Yes, the man who had written this was unhinged. The ruin of a feeble spirit! The preacher declares that the heavens are empty ... He sees life as a war of everything against everything. And then at the end he starts tinkling the same old bells, praising the kindness of old women and hoping to extinguish a world-wide conflagration with an enema syringe. What trash! (410)

So whose view of good and evil is this -- the holy fool or Grossman himself? I believe it is Grossman's view, or at least an important part of his view. The theme of kindness is very deep in Grossman, and it is fundamental to his humanism and his faith in the future. Take this vignette from "The Old Teacher":

Then six-year-old Katya, the daughter of Weissman, the lieutenant who had been killed, came up to him in her torn dress, shuffling along in galoshes that were falling off her dirty, scratched little feet. Offering him a cold, sour pancake, she said, “Eat, teacher!”

He took the pancake and began to eat it, looking at the little girl’s thin face. As he ate, there was a sudden hush in the yard. Everyone—the old women, the big-breasted young women who could no longer remember their husbands, the one-legged lieutenant Voronenko lying on a mattress under a tree—was looking at the old man and the little girl. Rosenthal dropped his book and did not try to pick it up—he was looking at the little girl’s huge eyes, which were intently, even greedily, watching him as he ate. Once again he felt the urge to understand a wonder that never ceased to amaze him: human kindness. Perhaps the answer was there in the child’s eyes. But her eyes must have been too dark, or maybe what got in the way were his own tears—once again he saw nothing and understood nothing. (The Road: Stories, Journalism, and Essays)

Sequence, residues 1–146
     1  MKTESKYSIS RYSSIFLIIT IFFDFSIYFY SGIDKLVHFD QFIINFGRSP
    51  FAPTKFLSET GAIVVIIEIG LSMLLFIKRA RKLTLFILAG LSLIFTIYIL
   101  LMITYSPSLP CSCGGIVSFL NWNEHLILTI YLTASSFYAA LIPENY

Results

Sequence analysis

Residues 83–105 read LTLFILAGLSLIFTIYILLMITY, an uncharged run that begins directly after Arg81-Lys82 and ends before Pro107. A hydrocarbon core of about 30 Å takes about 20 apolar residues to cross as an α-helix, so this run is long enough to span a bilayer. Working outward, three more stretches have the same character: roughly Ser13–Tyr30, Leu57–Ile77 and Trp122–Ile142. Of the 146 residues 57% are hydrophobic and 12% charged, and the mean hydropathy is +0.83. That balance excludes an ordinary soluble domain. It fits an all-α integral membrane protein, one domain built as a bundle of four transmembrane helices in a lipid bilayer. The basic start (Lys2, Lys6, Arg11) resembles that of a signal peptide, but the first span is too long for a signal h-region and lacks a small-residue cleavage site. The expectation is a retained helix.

And later, when the Jews of the village are being forced to the ravine to be slaughtered, the old teacher and the girl Katya are united again:

“How can I comfort her? How can I deceive her?” the old man wondered, gripped by a feeling of infinite sorrow. At this last minute too, there would be no one to support him, no one to say what he had longed all his life to hear— the words he had desired more than all the wisdom of books about the great thoughts and labors of man.

The little girl turned toward him. Her face was calm; it was the pale face of an adult, a face full of tolerant compassion. And in a sudden silence he heard her voice.

“Teacher,” she said, “don’t look that way, it will frighten you.” And, like a mother, she covered his eyes with the palms of her hands. (The Road)

A similar compassion and love for the particular human beings who died there is found in the closing lines of "The Hell of Treblinka":

Great is the power of true humanity. Humanity does not die until man dies. And when we see a brief but terrifying period of history, a period during which beasts triumph over human beings, the man being killed by the beast retains to his last breath his strength of spirit, clarity of thought, and passionate love. And the beast that triumphantly kills the man remains a beast. This immortality of spiritual strength is a somber martyrdom—the triumph of a dying man over a living beast. It was this, during the darkest days of 1942, that brought about the beginning of reason’s victory over bestial madness, the victory of good over evil, of light over darkness, of the forces of progress over the forces of reaction. A terrible dawn over a field of blood and tears, over an ocean of suffering—a dawn breaking amid the cries of dying mothers and infants, amid the death rattles of the aged.

The beasts and the beasts’ philosophy seemed to portend the sunset of Europe, the sunset of the world, but the red was not the red of a sunset, it was the red blood of humanity—a humanity that was dying yet achieving victory through its death. People remained people. They did not accept the morality and laws of Fascism. They fought it in all ways they could; they fought it by dying as human beings. (The Road)